Regarding to whom ADRs can be reported, a large number (n = 183) of participants selected product manufacturers, 165 selected NADEMC, 154 selected doctors, 136 selected pharmacists, and 104 indicated that ADRs should be reported to nurses. It was surprising to note that more than half (58.7%, n = 121) of the respondents had knowledge of how to report ADRs (by post, telephone, email/website), whilst 9.2% (n = 19) were incorrect (only be post/ only by telephone/ only by email/website) and nearly a third (31.6%, n = 65) indicated that they did not know how to report ADRs. The majority (72.8%; n = 150) of respondents knew that all suspected ADRs should be reported.

Views on adverse drug reaction reporting

The respondents’ views on public reporting are shown in Table 5. Almost all of the respondents (n = 204, 99.0%) believed that reporting of ADRs by the public is important, whilst only one participant (0.5%) believed that it is not important at all. The respondents were overwhelmingly (82.0%, n = 169) adamant about reporting ADRs in future and only three (1.5%) indicated that they would not consider reporting ADRs in future.

TABLE 5: Participants’ views on public reporting.

The respondents were requested to describe in their own words about which factors could motivate or prevent them from reporting ADRs experienced by their children or themselves. The most prominent positive theme that emerged was a social concern (n = 48). Participants were particularly concerned with helping others. Their responses were as follows: ‘I will not want someone else to have a bad experience’, ‘I would report it so that no other child or person goes through it’, ‘So my feedback can help other parents or people’. Other factors motivating the reporting of ADRs included severity of the reaction (n = 34), safety concerns (n = 16) and ADRs experienced by self/family (n = 14). Less frequent responses include product improvement, receiving feedback, receiving more information about the reporting process, fear/anxiety, increasing healthcare professional awareness, if the reaction is unexpected and if a causal relationship has been established.

Almost one third of the participants (32.5%, n = 67) indicated that nothing would prevent them from reporting ADRs experienced by themselves or their children. Some barriers reported by participants were process issues (17%, n = 35): ‘long hauled process of reporting’, time constraints (1.9%, n = 4): ‘just being busy and not having time to report it’ and no feedback or actions taken (4.4%, n = 9): ‘should no action be taken, I would feel less motivated to report it’. Some respondents indicated that they would be reluctant to report ADRs because the ADR was minor (4.3%, n = 11), or they were uncertain about whether the medicine caused the reaction (2.4%, n = 5). Less frequent barriers reported include forgetfulness, procrastination, fear of intimidation and condemnation, lack of awareness, lack of resources, lack of guidance from healthcare professionals and unapproachable medical staff.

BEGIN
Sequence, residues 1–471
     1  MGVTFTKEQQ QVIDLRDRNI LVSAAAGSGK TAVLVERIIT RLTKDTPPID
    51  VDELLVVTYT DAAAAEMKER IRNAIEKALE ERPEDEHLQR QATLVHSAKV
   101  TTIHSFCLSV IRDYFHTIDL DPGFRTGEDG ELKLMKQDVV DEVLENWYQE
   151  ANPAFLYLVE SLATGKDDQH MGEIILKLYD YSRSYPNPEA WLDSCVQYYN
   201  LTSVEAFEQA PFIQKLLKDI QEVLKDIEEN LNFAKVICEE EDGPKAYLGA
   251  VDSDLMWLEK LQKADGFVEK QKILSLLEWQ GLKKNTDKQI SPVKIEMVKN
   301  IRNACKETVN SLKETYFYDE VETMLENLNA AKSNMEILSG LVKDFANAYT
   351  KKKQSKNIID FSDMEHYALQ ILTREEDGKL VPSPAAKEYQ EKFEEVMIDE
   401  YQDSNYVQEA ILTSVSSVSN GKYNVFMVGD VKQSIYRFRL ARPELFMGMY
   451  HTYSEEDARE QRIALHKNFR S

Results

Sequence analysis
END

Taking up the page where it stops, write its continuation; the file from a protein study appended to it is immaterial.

Methods indicated by respondents to educate and inform the public about reporting include awareness campaigns through television (TV) and radio (n = 174), patient education by healthcare professionals (n = 171), information on product packaging/leaflet (n = 140) and published articles on ADR reporting (n = 110). Other suggestions included internet campaigns through social media, verified information via online parenting forums, and awareness campaigns at schools for parents to attend.

Discussion

The concept of reporting ADRs in children is very important to consider. Despite the fact that the impact of ADRs on healthcare professionals’ workload and patients have become more prominent over the last two decades, the reporting of ADRs by healthcare professionals in South Africa remains low.14 This results in many patients, particularly children, potentially being exposed to medicinal products with an uncertain safety profile.7 Studies conducted through interviews in the UK, US, Australia, Canada and other countries, found that parents’ awareness of ADR reporting was low.19,26 This study contradictory revealed that majority (70.9%) of the parents were aware of ADRs and the importance of reporting them. In a much larger cross-sectional study in India where questionnaires were completed (n = 770) in hospitalised patients over four months, it was shown that 74.0% of the patients were aware of ADRs.21

In this study, as evidenced by the survey responses from these parents, they recognised that ADRs could harm people of all ages, that all types of medicines can cause ADRs and that reporting of ADRs can contribute to improving patient safety. Despite the infrequent reporting of ADRs by parents in this study, respondents had knowledge of where to find more information on ADR reporting and surprisingly, how ADRs can be reported. As reported in prospective paediatric pharmacovigilance study (semi-structured telephonic interviews) in the UK10 and in hospitalised patients in India,21 majority of participants displayed a positive attitude towards reporting ADRs and recognise the important role it plays within the healthcare system, which was also evident from the parents’ respondents in this study.